I've wanted to do a story about the Dead Men for a while, but Lilith Grace got there before me. However, she gave me permission to go ahead and do my own one, so thanks for that. I'm really grateful.

"You're sure about this, little brother?"

"Yes, for a thousandth time, I'm sure. You're in the army, aren't you? And stop calling me "little brother". I'm older than you."

"Yeah, but I'm taller. Also, I'm more mature."

"Just shut up."

"And as you've so kindly pointed out, yes I am in the army. And it isn't a job I'd advise anyone to take up."


"I just worry about you, little brother."

"Well you shouldn't, younger sister."

"Immature brother."

"Reckless sister."

"You're calling me reckless? You, Skulduggery? Remember that time in the Himalayas?"

"Which would have seemed very irresponsible of me until you remember that I can manipulate air so it wasn't really all that dangerous."

"It was very dangerous."

"I think we're getting a bit off-topic here."

"Unbelievably dangerous."

"Can we move on, please?"

"Untold quantities of dangerous!"

"Yes, I get that. Move on?"

"And that, my dear brother, is why I do not want you in the army. Knowing you, you'd walk onto the battlefield wearing a huge sign that reads "Aim this way, please" then proceed to jump up and down waving your arms at Mevolent's men and hollering at the top of your voice."

"That would make a good distraction," he mused.


"Sorry, Aoibhinn. I promise not to walk onto the battlefield wearing a sign that says "Aim this way, please"."

"That's all I ask."

"Unless of course someone tapes it on me and I don't notice it."

Aoibhinn rolled her eyes and gave an exasperated sigh.

"I give up on you, Skulduggery. Just try not to be this flippant when you're in a life or death situation and your nonsense could get you killed."

"No promises."

"Skulduggery... I'm going to miss you."

"What are you talking about? You're never at home anyways."

"Yeah, but when I am, you probably won't be. And knowing you, chances are you'd get yourself killed on your first day."

"Probably not on my first day."

Aoibhinn sighed.

"Who'll keep your ego from getting too big when you're gone?"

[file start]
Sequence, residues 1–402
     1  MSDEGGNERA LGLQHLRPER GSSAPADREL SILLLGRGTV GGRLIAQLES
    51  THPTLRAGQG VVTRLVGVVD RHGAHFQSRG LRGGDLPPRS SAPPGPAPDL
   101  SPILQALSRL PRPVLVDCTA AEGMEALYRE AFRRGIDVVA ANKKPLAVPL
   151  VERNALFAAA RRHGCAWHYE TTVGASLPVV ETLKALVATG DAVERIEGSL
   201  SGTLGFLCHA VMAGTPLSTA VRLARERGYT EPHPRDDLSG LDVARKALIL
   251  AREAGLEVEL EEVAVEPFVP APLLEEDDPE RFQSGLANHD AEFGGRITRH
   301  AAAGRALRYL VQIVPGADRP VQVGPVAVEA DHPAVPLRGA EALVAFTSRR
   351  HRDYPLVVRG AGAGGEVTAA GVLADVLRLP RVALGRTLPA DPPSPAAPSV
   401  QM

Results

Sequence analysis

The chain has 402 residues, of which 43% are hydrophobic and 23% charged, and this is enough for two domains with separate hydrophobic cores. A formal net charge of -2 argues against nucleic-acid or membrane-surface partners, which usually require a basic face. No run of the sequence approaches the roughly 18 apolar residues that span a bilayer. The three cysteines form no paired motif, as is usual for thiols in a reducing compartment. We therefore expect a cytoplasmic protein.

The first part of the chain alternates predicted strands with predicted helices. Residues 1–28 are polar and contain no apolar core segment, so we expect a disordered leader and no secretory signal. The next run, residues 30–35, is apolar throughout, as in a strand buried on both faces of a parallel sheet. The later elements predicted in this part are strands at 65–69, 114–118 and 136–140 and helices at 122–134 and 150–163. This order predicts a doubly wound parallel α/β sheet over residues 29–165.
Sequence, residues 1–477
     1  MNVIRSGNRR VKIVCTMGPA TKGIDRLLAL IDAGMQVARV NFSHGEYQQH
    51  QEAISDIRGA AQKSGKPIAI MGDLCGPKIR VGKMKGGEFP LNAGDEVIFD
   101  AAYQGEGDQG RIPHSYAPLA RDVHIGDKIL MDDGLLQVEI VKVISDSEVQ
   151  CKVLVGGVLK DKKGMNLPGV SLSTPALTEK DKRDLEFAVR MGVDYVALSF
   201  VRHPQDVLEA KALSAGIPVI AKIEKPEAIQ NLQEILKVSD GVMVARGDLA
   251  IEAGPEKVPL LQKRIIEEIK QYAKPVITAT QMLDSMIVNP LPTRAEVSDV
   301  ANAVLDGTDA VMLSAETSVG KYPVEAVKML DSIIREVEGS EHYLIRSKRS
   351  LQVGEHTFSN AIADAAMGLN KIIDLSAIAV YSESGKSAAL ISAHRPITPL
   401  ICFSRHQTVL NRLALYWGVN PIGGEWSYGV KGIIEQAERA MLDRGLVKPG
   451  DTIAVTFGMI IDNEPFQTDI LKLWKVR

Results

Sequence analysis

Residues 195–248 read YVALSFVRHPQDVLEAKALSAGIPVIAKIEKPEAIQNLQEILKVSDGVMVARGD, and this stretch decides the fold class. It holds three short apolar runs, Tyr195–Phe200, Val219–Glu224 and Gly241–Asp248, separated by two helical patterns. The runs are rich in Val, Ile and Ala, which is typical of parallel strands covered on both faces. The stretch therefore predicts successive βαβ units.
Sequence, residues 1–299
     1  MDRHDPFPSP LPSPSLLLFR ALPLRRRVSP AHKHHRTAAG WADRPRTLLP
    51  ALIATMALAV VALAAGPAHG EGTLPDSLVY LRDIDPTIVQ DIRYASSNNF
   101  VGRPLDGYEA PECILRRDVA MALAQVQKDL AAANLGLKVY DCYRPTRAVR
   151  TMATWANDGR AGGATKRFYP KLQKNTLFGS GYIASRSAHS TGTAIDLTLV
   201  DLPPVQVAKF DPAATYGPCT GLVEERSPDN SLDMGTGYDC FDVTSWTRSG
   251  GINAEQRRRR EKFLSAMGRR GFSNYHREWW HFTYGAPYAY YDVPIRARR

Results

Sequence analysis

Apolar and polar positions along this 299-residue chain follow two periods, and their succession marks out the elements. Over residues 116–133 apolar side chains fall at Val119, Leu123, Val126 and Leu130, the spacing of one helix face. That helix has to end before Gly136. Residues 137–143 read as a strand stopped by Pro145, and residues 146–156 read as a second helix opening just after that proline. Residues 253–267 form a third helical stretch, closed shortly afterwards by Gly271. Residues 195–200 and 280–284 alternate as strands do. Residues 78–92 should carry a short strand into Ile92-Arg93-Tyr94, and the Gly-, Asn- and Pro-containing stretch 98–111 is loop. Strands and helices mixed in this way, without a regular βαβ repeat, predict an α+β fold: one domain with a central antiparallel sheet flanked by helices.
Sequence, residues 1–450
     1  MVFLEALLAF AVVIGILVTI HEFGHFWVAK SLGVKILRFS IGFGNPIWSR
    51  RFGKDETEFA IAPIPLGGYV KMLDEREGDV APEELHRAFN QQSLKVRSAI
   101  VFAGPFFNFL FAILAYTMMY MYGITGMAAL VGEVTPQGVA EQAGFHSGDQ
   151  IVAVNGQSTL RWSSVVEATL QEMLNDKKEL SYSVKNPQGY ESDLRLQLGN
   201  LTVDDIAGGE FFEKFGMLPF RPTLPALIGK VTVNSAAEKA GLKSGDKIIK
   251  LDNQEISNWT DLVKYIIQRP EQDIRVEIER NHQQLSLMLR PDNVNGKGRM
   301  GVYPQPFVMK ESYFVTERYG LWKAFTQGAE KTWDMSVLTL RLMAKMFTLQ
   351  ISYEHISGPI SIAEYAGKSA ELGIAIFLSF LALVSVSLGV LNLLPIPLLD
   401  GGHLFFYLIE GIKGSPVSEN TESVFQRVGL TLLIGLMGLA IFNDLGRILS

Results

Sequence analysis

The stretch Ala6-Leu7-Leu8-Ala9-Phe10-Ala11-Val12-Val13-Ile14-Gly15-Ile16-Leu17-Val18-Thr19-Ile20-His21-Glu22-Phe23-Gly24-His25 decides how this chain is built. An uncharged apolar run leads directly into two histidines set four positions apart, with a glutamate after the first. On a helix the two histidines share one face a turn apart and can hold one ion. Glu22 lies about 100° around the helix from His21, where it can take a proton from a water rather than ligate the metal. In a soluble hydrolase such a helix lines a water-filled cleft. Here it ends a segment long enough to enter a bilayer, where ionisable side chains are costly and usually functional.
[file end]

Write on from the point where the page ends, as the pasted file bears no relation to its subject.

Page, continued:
"I'll find someone to do that, don't you worry. Artemis, probably."

"She's joining too?"

"Yeah. I thought I told you."

"You probably did, but I was too distracted by the likelihood of your slow and painful death at the hands of one of Mevolent's men."

"You worry too much about me."

"That's because you don't worry enough about yourself."

"That's because I never underestimate by own skill."

She snorted.

"Well, just take care, ok?"

"When do I not take care?"

"I don't know, every second of the day perhaps?"

"I do take care. Just not an awful lot of care."

"Well then, take more care, ok?"

"I'll do my best."


A loud sigh interrupted them.

"When you two are quite finished, I have a carriage to drive here. If you're coming, boy, then hop right in. If you're not, then don't, but I need to get going."

Skulduggery hopped in.

Ghastly Bespoke sat across from his mother and said nothing. She was the first one to speak.

"You're going to survive this."

"Yes, I am."

"Wouldn't it be easier to just not do it?"

"You're the one who suggested it in the first place."

"Yes. I know. I'm just having second thoughts about it, is all."

They lapsed into silence again. Ghastly realized he was drumming his fingers on the table again. He stopped, then picked up a piece of cloth and started stitching. In, out. In, out. It set its own kind of rhythm, amplifying the quiet.

"I wish you would stop doing that."

Ghastly yanked the thread abruptly, then cursed under his breath as the stitch came apart.

"Doing what?"